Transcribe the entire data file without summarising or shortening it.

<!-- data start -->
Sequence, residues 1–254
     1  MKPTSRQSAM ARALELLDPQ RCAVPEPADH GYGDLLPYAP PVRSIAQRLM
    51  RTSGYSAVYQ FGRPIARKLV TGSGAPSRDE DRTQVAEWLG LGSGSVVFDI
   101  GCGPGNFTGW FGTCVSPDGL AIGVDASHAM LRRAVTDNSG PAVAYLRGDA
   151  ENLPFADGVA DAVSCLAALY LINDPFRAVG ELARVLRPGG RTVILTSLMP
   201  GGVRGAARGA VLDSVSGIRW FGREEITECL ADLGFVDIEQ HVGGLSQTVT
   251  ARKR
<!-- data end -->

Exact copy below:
Sequence, residues 1–254
     1  MKPTSRQSAM ARALELLDPQ RCAVPEPADH GYGDLLPYAP PVRSIAQRLM
    51  RTSGYSAVYQ FGRPIARKLV TGSGAPSRDE DRTQVAEWLG LGSGSVVFDI
   101  GCGPGNFTGW FGTCVSPDGL AIGVDASHAM LRRAVTDNSG PAVAYLRGDA
   151  ENLPFADGVA DAVSCLAALY LINDPFRAVG ELARVLRPGG RTVILTSLMP
   201  GGVRGAARGA VLDSVSGIRW FGREEITECL ADLGFVDIEQ HVGGLSQTVT
   251  ARKR